How to Apply for Food Stamps in Connecticut
Your Connecticut food stamp application will be processed through your regional DSS office. You may apply for food stamps in one of three ways. You may submit your application:
- In person.
- By mail.
When you apply, you will need to provide specific information including:
- The demographic information of each person in your household.
- Social Security Number (SSN) or Alien Registration Number (A-Number).
- Income sources.
- Information about sources of food.
Once you complete your application, a representative from the DSS will begin to process your application. You will need to complete a SNAP interview as part of the next step in the application process. In the interview, you will need to provide verification of the information that you provided on your application. This will include proof of citizenship and proof of residency. For more information about the SNAP application process, download our free guide.
Typically, the processing period after you apply for food stamps can take up to 30 days. However, under certain circumstances, you may be eligible for an expedited seven-day processing period. For example, if you have less than $100 in liquid assets and have a gross monthly income of $150 or less, you will qualify for expedited processing.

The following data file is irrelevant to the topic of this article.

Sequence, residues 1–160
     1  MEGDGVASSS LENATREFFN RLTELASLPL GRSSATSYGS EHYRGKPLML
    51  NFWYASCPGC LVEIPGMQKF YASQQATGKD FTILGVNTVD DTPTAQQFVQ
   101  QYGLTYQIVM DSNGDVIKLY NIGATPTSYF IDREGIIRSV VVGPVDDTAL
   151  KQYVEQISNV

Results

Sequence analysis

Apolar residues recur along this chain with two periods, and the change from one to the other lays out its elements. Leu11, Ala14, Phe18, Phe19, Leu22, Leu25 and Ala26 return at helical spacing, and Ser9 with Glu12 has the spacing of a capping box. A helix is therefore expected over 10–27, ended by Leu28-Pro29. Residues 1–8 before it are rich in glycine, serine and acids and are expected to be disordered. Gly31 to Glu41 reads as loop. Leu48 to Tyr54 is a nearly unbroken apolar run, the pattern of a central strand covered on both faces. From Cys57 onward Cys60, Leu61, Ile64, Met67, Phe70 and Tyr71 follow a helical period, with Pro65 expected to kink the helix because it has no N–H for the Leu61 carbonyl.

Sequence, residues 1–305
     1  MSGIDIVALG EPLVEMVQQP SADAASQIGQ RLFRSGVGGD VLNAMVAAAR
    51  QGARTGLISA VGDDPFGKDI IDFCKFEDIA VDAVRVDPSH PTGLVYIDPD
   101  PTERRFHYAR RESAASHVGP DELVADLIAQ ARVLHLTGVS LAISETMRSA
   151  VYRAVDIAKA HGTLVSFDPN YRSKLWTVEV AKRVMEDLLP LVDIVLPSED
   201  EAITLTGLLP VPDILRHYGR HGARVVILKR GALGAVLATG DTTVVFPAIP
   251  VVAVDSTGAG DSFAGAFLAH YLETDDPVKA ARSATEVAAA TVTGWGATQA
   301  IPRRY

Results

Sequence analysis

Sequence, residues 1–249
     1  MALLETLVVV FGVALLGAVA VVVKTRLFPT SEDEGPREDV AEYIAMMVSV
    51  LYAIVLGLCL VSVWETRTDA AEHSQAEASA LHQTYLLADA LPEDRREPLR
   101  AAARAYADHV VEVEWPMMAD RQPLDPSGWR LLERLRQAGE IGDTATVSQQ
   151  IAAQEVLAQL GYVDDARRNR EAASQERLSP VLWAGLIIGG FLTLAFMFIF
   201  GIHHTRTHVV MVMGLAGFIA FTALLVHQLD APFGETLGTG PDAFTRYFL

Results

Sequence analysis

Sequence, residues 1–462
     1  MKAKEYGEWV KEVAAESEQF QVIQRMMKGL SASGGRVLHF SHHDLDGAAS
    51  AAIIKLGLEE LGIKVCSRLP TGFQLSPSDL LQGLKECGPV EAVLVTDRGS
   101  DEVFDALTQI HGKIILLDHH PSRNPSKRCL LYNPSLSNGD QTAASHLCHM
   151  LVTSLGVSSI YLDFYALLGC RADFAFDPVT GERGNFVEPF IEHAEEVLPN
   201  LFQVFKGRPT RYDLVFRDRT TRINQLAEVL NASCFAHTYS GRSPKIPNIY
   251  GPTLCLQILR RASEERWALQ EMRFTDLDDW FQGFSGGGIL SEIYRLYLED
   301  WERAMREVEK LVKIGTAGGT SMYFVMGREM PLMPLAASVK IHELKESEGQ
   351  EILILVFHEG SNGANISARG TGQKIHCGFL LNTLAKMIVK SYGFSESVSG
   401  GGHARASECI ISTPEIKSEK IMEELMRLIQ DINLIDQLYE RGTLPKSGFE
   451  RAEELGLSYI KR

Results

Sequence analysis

Find Out About SNAP Benefits in Connecticut
Once you are approved for SNAP assistance in Connecticut, you will begin to receive benefits on an electronic benefit transfer (EBT) card. Benefits will be issued on the card on a monthly basis. You may use this card in the same manner that you would a debit or a credit card. It’s important to know that your benefits are able to purchase.
Food stamp benefits may be used to buy both staple and accessory foods. Staple foods are foods that make up the majority of a healthy diet. They include:
- Meat, poultry and fish.
- Fruits and vegetables.
- Dairy products.
- Bread and cereals.
You may purchase staple foods fresh or in a packaged form, including frozen. The SNAP program also allows individuals to buy accessory foods which may include snack foods or dessert foods. They also include foods or ingredients that can complement or supplement a deal. Alternatively, you can use benefits to purchase seeds or plants that can provide food for the household in the future.
There are also items that you will not be able to purchase using SNAP benefits. These items include any non-food items that you may also find in the grocery store including pet food, diapers and household supplies. However, SNAP food benefits may not be used to purchase:
- Medicine, vitamins or supplements.
- Live animals.
- Alcoholic beverages.
- Prepared or hot food.
It may be helpful to look for an information label on an item’s packaging to determine whether or not it would be considered a food or supplement. Food items typically have a nutrition facts label while supplements have a supplement facts label. This difference is important because some items may seem eligible for purchase with SNAP benefits. For example, gummy vitamins are not eligible for purchase while gummy snacks are.
Name: Department of Social Services
Phone Number: 1-855-626-6632
Address: 925 Housatonic Avenue, Bridgeport, CT 06606
Commissioner: Deidre S. Gifford